Frequently Asked Questions

Frequently Asked Questions

  1. What are antibody-drug conjugates (ADCs)?
  2. Antibody-drug Conjugate (ADC) is a chemotherapeutic drug with strong cytotoxicity, which has both the powerful lethality of small molecule drugs and the high targeting of pure monoclonal antibodies, so it has become a hot issue in the research and development of tumor targeted therapy.

  3. What are the technologies used in ADC?
  4. The production technologies of ADC mainly includes monoclonal antibody preparation, linker preparation, small molecule drug preparation, ADC conjugation, purification and finished product assembly.

  5. What are the mechanism of action of ADCs?
  6. Mechanistically, an ADC acts by binding to the target antigen on the cell surface, followed by its internalization via antigen-mediated endocytosis, trafficking into the lysosome, and the release of the payload through the proteolytic degradation of the antibody moiety and/or cleavage of the linker.

  7. What are the principles of ADC development?
  8. The rationale for developing an ADC is that linking a cytotoxic agent to a tumor-targeting antibody will enable its selective targeting to cancer cells, leading to their eradication while sparing cells in normal tissues.

  9. What are the manufacturing steps of ADCs?
  10. ADCs are relatively complicated products which require careful assembly. In some cases, preparation of antibody and drug--linker and the final conjugation are done at different sites by specialist companies. ADC manufacturing is a multistep process that can be divided into three distinct stages: cGMP production of the antibody, cGMP synthesis of the drug-linker complex, and conjugation to form the ADC.

  11. What are drug antibody ratio (DAR)?
  12. DAR is defined as the number of small drug molecules attached to an antibody, which can be obtained by testing methods such as HPLC-MS. A clear DAR value is essential for the later stages of ADC drug development. ADC drugs are taken up by tumor cells in limited quantities during circulation in vivo, so a higher DAR is generally beneficial for increased potency.

  13. Are ADCs immunotherapy?
  14. Antibody drug conjugates (ADCs) are a form of targeted immunotherapy. They are composed of three components: a monoclonal antibody (mAb) and a cytotoxic payload made from a chemotherapy agent, which are connected together using a chemical linker.

  15. What are the next generation ADCs?
  16. The key of next generation ADC drugs is site-specific binding that can ensure a clear DAR. Through the specific binding of small molecule drugs and monoclonal antibodies, the stability and pharmacokinetics of the drugs are significantly improved, and relative drug activity and binding activity to cells at lower antigen levels are enhanced as well. In addition, antibody optimization, linkers, and small molecule drugs can significantly improve the therapeutic effect of ADC drugs.

  17. How many antibody drug conjugates are approved?
  18. After decades of research and troubleshooting , appreciable technological advances and an improved mechanistic understanding of ADC activity has culminated in the FDA approval of 14 ADCs, each providing demonstrable therapeutic benefit to cancer patients.

  19. How to design a good ADC drug?
  20. To design a good ADC drug, choosing the right combinations of antibody backbone, linker chemistry (conjugation technology), and payloads is crucial. Each of these components must be adjusted and optimized to obtain the correct balance between effectiveness and safety. For example, the ideal affinity of an antibody depends on the density of the antigen on the target; bystander activity may or may not be required; the optimal DAR depends on the effectiveness of the payload.

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  1. What are the ADC payloads?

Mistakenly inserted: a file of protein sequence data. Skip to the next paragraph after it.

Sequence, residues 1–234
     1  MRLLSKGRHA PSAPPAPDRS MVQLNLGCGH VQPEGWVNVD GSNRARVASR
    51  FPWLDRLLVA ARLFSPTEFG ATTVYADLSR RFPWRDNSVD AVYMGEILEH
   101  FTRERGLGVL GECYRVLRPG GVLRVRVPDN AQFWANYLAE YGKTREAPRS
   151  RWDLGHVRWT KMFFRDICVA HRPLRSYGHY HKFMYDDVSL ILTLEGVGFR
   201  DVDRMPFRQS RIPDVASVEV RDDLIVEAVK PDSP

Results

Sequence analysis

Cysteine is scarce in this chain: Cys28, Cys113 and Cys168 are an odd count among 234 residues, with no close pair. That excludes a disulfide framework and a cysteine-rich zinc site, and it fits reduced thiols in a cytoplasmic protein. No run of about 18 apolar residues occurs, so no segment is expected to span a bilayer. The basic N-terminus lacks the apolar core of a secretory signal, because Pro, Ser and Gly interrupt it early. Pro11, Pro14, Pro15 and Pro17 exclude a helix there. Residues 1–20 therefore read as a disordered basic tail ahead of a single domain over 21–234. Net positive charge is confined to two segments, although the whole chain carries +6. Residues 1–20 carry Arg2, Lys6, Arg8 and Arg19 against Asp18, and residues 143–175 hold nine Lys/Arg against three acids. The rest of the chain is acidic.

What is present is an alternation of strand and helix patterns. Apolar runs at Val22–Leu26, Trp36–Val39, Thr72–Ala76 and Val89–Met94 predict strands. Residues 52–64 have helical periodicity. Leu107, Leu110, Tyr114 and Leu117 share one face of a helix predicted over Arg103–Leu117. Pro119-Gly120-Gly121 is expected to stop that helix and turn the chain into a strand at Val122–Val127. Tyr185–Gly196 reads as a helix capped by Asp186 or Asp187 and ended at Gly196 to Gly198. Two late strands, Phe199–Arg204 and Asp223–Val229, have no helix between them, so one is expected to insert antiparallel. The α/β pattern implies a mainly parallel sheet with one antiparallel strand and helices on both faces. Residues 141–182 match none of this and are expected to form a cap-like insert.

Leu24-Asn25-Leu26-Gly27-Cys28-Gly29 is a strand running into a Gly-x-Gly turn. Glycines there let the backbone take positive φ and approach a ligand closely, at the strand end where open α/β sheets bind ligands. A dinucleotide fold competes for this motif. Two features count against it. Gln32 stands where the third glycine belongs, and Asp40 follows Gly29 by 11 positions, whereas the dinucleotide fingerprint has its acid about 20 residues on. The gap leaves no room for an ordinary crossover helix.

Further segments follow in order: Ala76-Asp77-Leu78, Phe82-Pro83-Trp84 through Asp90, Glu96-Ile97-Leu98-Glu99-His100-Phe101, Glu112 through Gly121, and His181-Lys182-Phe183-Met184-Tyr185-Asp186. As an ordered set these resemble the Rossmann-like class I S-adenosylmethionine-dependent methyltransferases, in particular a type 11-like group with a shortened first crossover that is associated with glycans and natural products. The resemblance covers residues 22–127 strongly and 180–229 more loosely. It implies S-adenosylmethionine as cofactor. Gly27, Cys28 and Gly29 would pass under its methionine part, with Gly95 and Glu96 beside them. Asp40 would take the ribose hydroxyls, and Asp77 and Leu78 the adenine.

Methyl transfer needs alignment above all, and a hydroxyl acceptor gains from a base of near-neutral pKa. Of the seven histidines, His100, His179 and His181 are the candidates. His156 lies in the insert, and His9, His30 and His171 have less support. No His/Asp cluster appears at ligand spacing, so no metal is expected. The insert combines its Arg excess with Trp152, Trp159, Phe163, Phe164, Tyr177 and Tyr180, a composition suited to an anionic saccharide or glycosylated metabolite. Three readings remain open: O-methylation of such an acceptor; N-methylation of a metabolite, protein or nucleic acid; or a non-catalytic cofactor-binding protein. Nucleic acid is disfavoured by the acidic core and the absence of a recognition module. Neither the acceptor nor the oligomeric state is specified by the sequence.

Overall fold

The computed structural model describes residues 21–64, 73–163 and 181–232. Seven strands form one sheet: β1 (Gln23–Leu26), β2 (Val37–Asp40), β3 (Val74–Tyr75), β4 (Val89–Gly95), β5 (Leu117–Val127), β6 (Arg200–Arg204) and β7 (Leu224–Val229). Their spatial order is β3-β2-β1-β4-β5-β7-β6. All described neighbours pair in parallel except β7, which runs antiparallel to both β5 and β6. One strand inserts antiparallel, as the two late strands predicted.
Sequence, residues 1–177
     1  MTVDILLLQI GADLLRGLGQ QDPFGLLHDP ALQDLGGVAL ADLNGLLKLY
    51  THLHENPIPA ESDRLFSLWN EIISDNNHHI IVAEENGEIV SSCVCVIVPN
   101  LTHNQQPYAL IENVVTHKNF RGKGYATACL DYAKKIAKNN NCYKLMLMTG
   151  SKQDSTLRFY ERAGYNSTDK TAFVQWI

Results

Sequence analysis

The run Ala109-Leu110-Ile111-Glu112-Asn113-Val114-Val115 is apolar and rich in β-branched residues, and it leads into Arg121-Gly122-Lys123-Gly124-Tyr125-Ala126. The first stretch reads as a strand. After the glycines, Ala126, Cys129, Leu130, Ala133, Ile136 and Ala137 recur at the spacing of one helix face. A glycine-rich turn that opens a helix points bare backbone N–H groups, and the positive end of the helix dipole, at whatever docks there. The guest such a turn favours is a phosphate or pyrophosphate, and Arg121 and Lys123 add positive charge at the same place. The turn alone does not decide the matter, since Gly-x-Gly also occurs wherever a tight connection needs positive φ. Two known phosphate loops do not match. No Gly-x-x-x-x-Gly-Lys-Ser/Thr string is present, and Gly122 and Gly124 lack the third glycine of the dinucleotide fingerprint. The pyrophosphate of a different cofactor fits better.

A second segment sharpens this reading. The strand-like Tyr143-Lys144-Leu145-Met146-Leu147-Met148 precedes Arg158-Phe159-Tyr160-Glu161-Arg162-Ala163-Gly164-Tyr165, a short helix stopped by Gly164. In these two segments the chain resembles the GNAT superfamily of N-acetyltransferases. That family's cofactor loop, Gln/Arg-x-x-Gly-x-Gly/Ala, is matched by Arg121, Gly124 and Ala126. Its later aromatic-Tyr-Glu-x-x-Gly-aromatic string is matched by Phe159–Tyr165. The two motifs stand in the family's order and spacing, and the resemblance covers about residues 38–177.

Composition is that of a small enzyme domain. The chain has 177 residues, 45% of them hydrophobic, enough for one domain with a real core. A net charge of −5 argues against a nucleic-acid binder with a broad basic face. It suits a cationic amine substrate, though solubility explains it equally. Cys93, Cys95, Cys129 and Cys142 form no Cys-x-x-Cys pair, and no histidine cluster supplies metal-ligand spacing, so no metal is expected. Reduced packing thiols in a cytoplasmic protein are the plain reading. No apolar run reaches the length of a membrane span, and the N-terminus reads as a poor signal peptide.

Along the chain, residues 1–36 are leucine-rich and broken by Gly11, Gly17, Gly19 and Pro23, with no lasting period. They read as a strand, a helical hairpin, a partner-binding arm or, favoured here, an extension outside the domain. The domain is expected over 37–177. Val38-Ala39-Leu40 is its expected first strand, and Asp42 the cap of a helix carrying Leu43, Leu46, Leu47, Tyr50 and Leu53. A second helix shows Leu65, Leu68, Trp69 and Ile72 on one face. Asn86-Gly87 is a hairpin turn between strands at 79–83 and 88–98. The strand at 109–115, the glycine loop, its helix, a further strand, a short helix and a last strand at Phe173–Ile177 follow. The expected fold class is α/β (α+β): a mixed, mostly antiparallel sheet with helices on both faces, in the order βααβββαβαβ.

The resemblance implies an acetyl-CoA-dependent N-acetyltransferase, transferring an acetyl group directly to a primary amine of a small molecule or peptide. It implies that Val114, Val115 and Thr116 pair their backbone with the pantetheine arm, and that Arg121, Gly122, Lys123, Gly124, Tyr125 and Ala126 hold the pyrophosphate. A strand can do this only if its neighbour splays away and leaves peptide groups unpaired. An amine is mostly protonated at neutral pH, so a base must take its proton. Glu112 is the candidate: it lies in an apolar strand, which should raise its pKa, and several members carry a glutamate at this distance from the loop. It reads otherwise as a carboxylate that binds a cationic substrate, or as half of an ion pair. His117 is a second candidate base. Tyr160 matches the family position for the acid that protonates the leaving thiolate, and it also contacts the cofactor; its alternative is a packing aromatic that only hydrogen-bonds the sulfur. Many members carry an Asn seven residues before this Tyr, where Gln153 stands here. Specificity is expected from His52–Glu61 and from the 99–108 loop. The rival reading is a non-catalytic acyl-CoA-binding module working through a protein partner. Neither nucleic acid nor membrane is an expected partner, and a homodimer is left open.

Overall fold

2. The cytotoxic payload or warhead is an important part of ADC. It is activated after being released from ADC in the cytoplasm of tumor cells and can destroy tumor cells even at low doses. Mechanistically, after the entrance of ADC to cells, cytotoxins are responsible for inducing target cell death. Therefore, the toxicity and physicochemical properties of cytotoxins directly affect the efficacy of ADC in tumor elimination.

  3. What are the characteristics of ADC cytotoxins?
  4. Generally, the toxicity of the cytotoxin is required to be strong enough, and the IC50 value is 0.01-0.1nM. In addition, the target of cytotoxin needs to be intracellular and have sufficient water solubility and stability in serum.

  5. What are Auristatins?
  6. The auristatins, such as monomethyl auristatin E (MMAE) and monomethyl auristatin F (MMAF), are analogs of dolastatin 10, a microtubule-impacting agent. To prepare auristatin conjugates, native disulfide bonds within the antibody are reduced to generate cysteine residues that are subsequently linked to a maleimido derivative of MMAE or MMAF, via a dipeptide linker.

  7. What are Calicheamicins?
  8. Calicheamicins (CLMs) is a small molecule fat soluble compound, which has relatively high stability. Calicheamicins can induce DNA double-strand breaks. In ADC development, N-acetyl γ-calicheamicin can be linked to lysine residues of antibodies through an acid-labile hydrazone bond or a non-cleavable linker.

  9. What are Camptothecins?
  10. Camptothecins (CPTs) are a quinoline alkaloid isolated from camptothecaacuminata decne. As a natural inhibitor of topoisomerase I, Camptothecins have good therapeutic effects on malignant tumors (eg, liver cancer, breast cancer, lung cancer and ovarian cancer), viruses and skin diseases due to the cytotoxic activities.

  11. What are Doxorubicins?
  12. Doxorubicin is a DNA interchelator that inhibits topoisomerase II thereby inhibiting cancer cell growth. It is a potent anthracycline antibiotic first discovered from the actinobacteria Streptomyces peucetius in the 1960s. It is routinely used in the clinic as a chemotherapeutic agent for the treatment for various cancers including both solid and hematological malignancies.

  13. What are Duocarmycins?
  14. First isolated from Streptomyces bacteria in the 1970s, the duocarmycins are a class of minor groove-binding, DNA-alkylating natural products that form covalent bonds with the N3 positions of adenine bases and induce apoptosis. Byondis’ trastuzumab duocarmazine, a HER2-targeting ADC currently in phase 3 clinical trials, uses one such derivative, seco-DUBA, as its payload.